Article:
The National Summer Learning Project (NSLP) set out to answer three key questions:
Can large urban school districts successfully run high-quality summer learning programs?
What benefits can these programs have for students?
What practical steps are key to success, and what are the barriers to overcome?
With the RAND Corporation as our research partner, we answered these questions. RAND found that districts and their partners can carry out high-quality, voluntary summer learning programs that serve large numbers of children and that students with consistent attendance saw educationally meaningful benefits in math, reading and social and emotional learning. (To read more about the outcomes, see
Learning from Summer.)
RAND’s study was a multi-year effort. First, to help strengthen the NSLP programs so that they could be studied for their effectiveness, RAND conducted formative evaluations of the programs over two summers (2011 and 2012). The five districts and their partners then made successive improvements to their programs. In 2013, RAND launched an outcomes study to supplement the ongoing implementation evaluation.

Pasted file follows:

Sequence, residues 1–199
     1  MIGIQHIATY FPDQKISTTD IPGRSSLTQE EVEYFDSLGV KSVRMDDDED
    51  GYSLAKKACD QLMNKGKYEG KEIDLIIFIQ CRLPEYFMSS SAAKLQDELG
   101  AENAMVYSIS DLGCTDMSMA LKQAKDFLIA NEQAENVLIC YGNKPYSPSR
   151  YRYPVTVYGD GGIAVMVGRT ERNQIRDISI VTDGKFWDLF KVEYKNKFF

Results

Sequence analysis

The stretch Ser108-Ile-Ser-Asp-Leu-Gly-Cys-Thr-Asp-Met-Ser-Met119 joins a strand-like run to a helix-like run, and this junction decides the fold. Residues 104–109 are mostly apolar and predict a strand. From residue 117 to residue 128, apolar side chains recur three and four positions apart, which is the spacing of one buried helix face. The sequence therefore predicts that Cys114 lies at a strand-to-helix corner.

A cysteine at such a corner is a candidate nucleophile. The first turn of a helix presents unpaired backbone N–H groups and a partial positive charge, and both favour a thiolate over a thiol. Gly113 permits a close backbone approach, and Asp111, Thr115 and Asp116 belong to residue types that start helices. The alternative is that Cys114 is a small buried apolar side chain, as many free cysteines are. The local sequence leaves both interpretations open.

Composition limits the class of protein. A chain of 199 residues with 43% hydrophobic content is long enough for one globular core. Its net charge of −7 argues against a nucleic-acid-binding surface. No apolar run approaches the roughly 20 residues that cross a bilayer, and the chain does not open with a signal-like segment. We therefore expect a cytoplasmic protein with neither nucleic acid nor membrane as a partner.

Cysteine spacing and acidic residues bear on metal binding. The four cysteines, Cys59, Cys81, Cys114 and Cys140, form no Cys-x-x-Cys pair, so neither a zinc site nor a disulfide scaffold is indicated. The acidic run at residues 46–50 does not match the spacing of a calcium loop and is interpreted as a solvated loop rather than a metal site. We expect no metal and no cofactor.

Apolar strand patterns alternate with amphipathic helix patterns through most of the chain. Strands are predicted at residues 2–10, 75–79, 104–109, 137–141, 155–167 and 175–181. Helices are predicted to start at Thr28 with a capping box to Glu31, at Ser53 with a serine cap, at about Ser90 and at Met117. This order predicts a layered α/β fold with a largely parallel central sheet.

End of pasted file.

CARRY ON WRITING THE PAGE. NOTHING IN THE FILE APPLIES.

To gather information for both evaluations, RAND interviewed summer program stakeholders; surveyed teachers, parents, and students; observed program training, instruction, and logistics; gathered program cost data and analyzed district data on attendance. RAND also collected data on student outcomes in math, literacy and social and emotional learning and reviewed education research. From summer 2011 through summer 2014, RAND collected more than 1,200 surveys of summer instructors and 10,000 surveys of elementary grade students; conducted 900 interviews and observed more than 2,000 hours of classroom and enrichment activities. RAND’s findings, recommendations and analyses are contained in five reports to date, the most recent of which is
Getting to Work on Summer Learning, Second Edition (GTWSL2).
In GTWSL2, RAND draws on four years of rich implementation and outcome data collected to make a set of recommendations for district leaders who are interested in launching or improving summer learning programs.
As a companion piece to GTWSL2, the Toolkit can help other districts and their partners apply RAND’s recommendations through aligned tools, templates and guidance.